Sunday, Dec. 21, 2014
So you call yourself a sports fan?Posted Thursday, September 16, 2010, at 5:21 PM
Sports fans today have it so very easy.
That statement might sound so very blanketed and even insulting or condescending, but in reality it is so very true.
Especially when you take into consideration how it was just a few short years ago. Before ESPN and Fox Sports Net beamed games into our living rooms or sports bars with little more than a touch of the remote.
Before games were broadcast in high definition, stereo, surround sound and now even 3D.
Back before available for one single price every month, the radio coverage of every professional team sport, most major college sports and most racing events were available to the masses.
I don't intend for this to be one of those "I walked uphill both ways in a snowstorm in July to school" columns.
Instead I intend for this to be a way to express appreciation for current technology and for the progress made in recent years.
Being 50 years old and being born on the tail end of the Baby Boomer Generation, means that things have made radical changes in almost every facet of life, except maybe for canned meat.
Canned meat will probably be unchanged as we know it until the next great ice mass overtakes our land. And probably even then it won't change.
But, with that aside, If you were born before the birth of the microwave oven, the onset of satellite TV and the launch of satellite radio, you won't know of the uh, joys of which I will now profess.
Instead of being able to select which game or which team you want to watch by simply paying an extra fee to your TV provider and ordering the package deal, those of us born before the eruption of technology were force to find things out about and follow our favorite teams in other ways.
Before we were able to click a channel on XM or Sirius and listen to the game of our choice, we were limited only to what we could: A. find on our local station or B. find what we could when we pulled our transistor radios from under our pillows in the darkness of our bedrooms and were able to grab from amidst the static of our AM radios.
That's right I said our AM radios.
We weren't yet fully engulfed in the era of FM stations blasting games and sports talk loud and clear into our headphones.
No indeed, we were simply limited to what was there in front of us -- and let me tell you it wasn't a whole lot.
During that span of our country's technology history, we were limited to one game a week, one game a night on the radio and were forced to get info on what happened through either the nightly sports report on the TV news or from our local newspaper or radio station.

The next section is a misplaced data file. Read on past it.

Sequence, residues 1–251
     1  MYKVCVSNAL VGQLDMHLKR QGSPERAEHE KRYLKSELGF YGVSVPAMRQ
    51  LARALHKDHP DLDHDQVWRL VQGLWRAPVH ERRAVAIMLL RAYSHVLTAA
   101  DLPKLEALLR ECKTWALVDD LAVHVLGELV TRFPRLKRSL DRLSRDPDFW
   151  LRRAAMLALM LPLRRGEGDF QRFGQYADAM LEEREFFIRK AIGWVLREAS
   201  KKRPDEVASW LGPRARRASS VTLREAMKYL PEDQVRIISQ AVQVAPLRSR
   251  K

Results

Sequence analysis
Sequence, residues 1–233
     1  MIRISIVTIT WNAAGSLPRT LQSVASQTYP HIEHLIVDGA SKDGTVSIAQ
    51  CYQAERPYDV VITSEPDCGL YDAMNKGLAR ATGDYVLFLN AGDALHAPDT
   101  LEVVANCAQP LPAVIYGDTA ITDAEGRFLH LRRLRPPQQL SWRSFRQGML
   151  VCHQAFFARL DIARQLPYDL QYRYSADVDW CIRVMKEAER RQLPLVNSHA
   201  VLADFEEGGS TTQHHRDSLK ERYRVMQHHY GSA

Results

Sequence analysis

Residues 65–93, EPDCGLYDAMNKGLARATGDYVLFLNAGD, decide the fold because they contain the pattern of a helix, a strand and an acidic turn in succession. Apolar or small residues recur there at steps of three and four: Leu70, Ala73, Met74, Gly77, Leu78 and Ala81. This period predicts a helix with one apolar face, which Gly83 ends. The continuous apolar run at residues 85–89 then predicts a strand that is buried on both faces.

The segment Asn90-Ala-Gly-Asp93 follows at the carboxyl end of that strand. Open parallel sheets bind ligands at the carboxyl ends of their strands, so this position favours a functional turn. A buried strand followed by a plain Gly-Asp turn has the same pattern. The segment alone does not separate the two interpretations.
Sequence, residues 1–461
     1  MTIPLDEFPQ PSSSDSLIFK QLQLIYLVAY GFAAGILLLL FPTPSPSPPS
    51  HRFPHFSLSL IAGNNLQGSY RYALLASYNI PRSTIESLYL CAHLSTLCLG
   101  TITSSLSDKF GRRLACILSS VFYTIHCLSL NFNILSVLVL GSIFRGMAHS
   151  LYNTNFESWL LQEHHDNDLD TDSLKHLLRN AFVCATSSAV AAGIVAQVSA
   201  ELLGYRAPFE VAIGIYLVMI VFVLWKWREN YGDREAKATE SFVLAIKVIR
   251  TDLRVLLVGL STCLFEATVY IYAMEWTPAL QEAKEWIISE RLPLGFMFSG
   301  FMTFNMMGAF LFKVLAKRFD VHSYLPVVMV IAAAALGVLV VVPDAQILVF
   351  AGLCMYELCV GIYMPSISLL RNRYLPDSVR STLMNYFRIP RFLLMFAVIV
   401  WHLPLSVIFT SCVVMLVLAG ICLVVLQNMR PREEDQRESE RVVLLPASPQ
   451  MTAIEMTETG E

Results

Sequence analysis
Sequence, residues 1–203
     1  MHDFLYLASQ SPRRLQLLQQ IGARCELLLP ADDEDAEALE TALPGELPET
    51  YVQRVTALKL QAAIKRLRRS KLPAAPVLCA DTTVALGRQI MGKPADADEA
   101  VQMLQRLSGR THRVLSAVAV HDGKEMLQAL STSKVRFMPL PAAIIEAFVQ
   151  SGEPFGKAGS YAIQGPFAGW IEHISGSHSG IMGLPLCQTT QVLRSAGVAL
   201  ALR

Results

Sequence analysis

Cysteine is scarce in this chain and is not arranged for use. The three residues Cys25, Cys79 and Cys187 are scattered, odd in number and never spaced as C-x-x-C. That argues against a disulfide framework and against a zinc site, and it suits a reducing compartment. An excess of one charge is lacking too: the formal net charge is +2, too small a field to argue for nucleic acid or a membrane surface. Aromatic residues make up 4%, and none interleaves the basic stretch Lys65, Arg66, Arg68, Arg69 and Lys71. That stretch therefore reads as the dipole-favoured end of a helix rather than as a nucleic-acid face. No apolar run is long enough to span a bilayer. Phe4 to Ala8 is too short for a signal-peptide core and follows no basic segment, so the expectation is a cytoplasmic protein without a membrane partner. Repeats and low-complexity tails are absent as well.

And back then that report wasn't a full three hours devoted to each sport. No sir, it was more like seven minutes at the end of the local news devoted to whatever the local sportscaster deemed worthy enough to fill his time slot.
If you didn't live in a big city that had a team in the current sport, you didn't get much more coverage than the aforementioned media outlets.
If you were lucky you got one game, usually on either Saturday or Sunday depending on the sport, and had to fend for yourself beyond that scope.
Being a White Sox fan for most of my life, meant that I would be left to fend for myself. At least until the cable TV company in Vincennes got WGN from Chicago in the mid-70's.
They didn't carry the White Sox back then, they carried the Cubs. But they did show highlights every night and interviews, so I at least got some sort of input.
Then came ESPN and all of a sudden a slow eruption began. Or maybe a better term would be a slow evolution.
An evolution that, once it got rolling, brought us to where we are today in our choices.
We can now switch from one game to the next, from one sports network to the next without blinking an eye.
As I sit and watch or listen to the multitude of games that are out there, I suddenly realize that my grandchildren won't have any excuse for saying "I didn't know that happened in that game today."
Silly me, I thought it was supposed to be a form of recreation watching and listening to sports I mean, instead of a chance to understand what flight controllers on the moon landing were going through.
Rick is a sports writer with the Greene County Daily World. He can be reached by telephone at (812) 847-4487. Or by E-mail at firstname.lastname@example.org.
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